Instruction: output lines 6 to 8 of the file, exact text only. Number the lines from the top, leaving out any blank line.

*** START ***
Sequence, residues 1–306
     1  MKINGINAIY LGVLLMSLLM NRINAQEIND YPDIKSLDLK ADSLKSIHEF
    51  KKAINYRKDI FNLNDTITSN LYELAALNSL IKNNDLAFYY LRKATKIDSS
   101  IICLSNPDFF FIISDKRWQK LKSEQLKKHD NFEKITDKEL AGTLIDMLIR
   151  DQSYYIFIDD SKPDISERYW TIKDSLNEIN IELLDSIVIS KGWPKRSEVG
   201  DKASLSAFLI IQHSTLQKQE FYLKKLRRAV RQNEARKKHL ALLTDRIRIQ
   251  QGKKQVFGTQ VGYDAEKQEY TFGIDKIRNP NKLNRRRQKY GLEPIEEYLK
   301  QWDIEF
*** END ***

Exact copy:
   201  DKASLSAFLI IQHSTLQKQE FYLKKLRRAV RQNEARKKHL ALLTDRIRIQ
   251  QGKKQVFGTQ VGYDAEKQEY TFGIDKIRNP NKLNRRRQKY GLEPIEEYLK
   301  QWDIEF